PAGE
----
There's been plenty of talk about potentially radical US foreign policy changes as a result of the shale boom. While one shouldn't expect any dramatic US foreign policy move away from the Middle East, factors are influencing a greater focus on Asia. Only one thing is certain in this transforming world: The shale boom is real and the implications are many and difficult to predict. The Resilient Earth is pleased to bring you the following interview with energy security expert Michael Levi.
A study commissioned by the California legislature has just reported that, in order to achieve the state's aggressive greenhouse gas (GHG) emissions reductions by 2050, the golden state will need to more than triple the percentage of electrical power it gets from nuclear energy. In the January 6, 2012, issue of the journal Science a paper outlining the report's findings was published and they may be a bit unsettling for deep green Californian ecologists. It finds that technically feasible levels of energy efficiency and decarbonizing the state's energy supply alone are not good enough. The answer? Here is a hint—electric vehicles powered by expanded nuclear energy.
International negotiators at a recent UN climate conference held in Bangkok repeated the demand that global warming this century be limited to no more than 2˚C. But while those attending the UN boondoggle stuck to the climate alarmist party line, results from a newly published Canadian government climate study concluded that “it is unlikely that warming can be limited to the 2˚C target.” The modeling based paper found that reaching the stated IPCC goal would require that greenhouse emissions “ramp down to zero immediately,” which means shutting down the global economy and banning the automobile. Moreover, starting in 2050 scientists would need to actively remove greenhouse gases from the atmosphere, requiring a rush to implement controversial and possibly dangerous geoengineering programs. Why does the global warming lobby continue demanding the impossible? Perhaps it is because global warming isn't about climate change at all.
Precaution is now an established tenet of environmental governance, law, and public policy at the international, national and local levels. When it comes to pollution, toxic chemicals, genetically modified organisms, endangered species and climate change, the so called precautionary principle has become the guiding doctrine for timorous souls everywhere. But more than that, it is a codification of the idea that before anything new is allowed, it must be proven, beyond a shadow of a doubt, to cause no harm to anything in anyway, under any conditions, anywhere—period. It is “look before you leap” on steroids and a major legal weapon used by environmentalists and neo-Luddites everywhere to hamstring human progress. Raising angst to an art form, progress hating activists have managed to block needed energy and industrial expansion at a critical time in humanity's development.
Breakthrough Institute co-founders Michael Shellenberger and Ted Nordhaus returned to Yale University last month for a retrospective on their 2004 essay, “The Death of Environmentalism.” Rarely does a critical assessment of an inflamed public debate so clearly shine the light of reason on why a cause was lost. In their speech Shellenberger and Nordhaus, bloth life long environmentalists, argued that green politics and the climate change crisis were destroyed from within, by exaggerated scientific claims, fantasies about green jobs and “An Inconvenient Truth.” After detailing how climate change alarmists managed to snatch defeat from the jaws of victory, the authors go on to offer some advice for the green movement: 12 theses for a post-environmental approach to climate change. In effect, they are saying that the world needs to concentrate on solving the problems that matter to people—food, energy, economic development—and the environment will be fixed as a side effect.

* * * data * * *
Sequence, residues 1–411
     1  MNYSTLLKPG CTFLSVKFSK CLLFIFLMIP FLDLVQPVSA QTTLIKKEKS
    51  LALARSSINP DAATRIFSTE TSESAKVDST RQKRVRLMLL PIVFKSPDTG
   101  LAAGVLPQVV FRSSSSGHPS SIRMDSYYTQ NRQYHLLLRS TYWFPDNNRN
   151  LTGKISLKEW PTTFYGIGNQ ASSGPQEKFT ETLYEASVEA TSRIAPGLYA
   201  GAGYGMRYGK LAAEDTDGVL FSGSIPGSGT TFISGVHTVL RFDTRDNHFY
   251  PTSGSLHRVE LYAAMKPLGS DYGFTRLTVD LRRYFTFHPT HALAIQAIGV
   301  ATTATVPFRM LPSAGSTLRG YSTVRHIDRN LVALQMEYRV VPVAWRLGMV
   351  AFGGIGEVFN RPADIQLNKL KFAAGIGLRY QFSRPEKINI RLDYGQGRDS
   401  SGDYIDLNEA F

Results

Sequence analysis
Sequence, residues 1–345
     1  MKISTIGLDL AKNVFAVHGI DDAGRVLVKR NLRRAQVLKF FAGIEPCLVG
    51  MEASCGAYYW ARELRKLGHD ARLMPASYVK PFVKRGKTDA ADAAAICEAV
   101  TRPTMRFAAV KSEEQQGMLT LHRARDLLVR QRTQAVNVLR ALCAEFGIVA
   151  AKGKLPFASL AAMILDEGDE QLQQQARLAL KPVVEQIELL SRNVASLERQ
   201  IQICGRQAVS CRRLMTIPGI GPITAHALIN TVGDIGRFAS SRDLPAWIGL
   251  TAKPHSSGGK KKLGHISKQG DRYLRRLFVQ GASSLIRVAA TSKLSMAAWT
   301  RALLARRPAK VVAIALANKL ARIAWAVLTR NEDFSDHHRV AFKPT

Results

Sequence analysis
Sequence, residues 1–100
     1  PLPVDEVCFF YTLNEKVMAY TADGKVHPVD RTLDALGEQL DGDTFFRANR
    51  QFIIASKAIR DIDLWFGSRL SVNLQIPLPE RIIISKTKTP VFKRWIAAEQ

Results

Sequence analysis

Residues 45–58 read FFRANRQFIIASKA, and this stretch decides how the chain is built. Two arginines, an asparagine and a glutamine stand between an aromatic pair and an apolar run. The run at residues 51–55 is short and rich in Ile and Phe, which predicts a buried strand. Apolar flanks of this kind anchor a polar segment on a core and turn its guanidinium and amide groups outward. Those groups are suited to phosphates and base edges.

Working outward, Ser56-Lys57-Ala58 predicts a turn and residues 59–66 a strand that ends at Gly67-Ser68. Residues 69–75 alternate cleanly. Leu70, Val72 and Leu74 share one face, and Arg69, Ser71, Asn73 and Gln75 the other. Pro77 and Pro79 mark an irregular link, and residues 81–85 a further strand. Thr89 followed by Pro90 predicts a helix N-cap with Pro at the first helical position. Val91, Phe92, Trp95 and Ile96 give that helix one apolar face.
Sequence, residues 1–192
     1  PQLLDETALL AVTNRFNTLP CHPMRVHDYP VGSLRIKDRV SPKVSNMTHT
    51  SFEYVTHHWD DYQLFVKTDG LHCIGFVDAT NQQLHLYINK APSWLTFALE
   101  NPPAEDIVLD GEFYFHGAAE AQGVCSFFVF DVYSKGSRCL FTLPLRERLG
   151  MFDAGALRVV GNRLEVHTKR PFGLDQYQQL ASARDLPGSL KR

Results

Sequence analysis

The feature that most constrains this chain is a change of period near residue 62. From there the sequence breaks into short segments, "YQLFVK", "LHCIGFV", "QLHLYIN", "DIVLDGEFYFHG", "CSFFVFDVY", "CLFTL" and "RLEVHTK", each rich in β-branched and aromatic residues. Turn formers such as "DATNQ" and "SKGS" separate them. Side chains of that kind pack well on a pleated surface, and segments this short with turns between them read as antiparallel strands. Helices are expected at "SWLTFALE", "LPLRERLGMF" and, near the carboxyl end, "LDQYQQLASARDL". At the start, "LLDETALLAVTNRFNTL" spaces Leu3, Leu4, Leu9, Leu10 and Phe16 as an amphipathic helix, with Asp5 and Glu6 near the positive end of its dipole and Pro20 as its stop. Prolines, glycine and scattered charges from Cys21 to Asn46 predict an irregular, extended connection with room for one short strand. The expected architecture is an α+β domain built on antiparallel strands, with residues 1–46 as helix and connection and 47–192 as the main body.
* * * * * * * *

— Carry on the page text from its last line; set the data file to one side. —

As public concern rises over the safety and ecological soundness of renewable energy sources like solar and wind, the nuclear power industry is quietly ramping up to build new, smaller types of reactors that can be deployed as sealed power units. Russia is moving ahead with plans to locate floating nuclear power plants along its northern coast and a French company has designed a small offshore nuclear power plant called Flexblue. At the same time, efforts by the US Department of Energy's Savannah River Site to host a range of proof-of-concept units from several vendors has run afoul of bureaucratic infighting. Around the world, nuclear power is progressing, while former nuclear technology leader America founders.
After all the fanfare a few months back, when US President Obama announced government loan guaranties for a new nuclear power plant in Georgia, the truth is emerging—Obama is quietly letting the nuclear Renaissance die from neglect and broken promises. Trying to distract green critics and the public with its approval of plans to build the world's biggest solar-thermal power plant in the Southern California, the administration ignored the faltering plans to expand an existing power plant on the Chesapeake Bay. Constellation Energy sent a letter to the US DOE stating that the terms offered by the government to guaranty financing for expanding the Calvert Cliffs nuclear power plant were “unworkable” and that the project could not go forward. Despite paying lip service to reviving nuclear power by providing government backed loans, the extreme greens in the Obama administration are trying to kill the nuclear power industry.
One of the arguments used by critics of nuclear power is that there is not enough uranium to power a nuclear world for an extended time. The energy hungry world would just be trading looming oil shortages for uranium shortages, they claim. As with most anti-nuclear scare-mongering these charges are totally bogus. MIT has just released a major report on the nuclear fuel cycle that finds uranium supplies will not limit the expansion of nuclear power in the US or around the world for the foreseeable future. It suggests that nuclear power, even using today’s reactor technology with the wasteful once-through fuel cycle, can play a significant part in satisfying the world's future energy needs.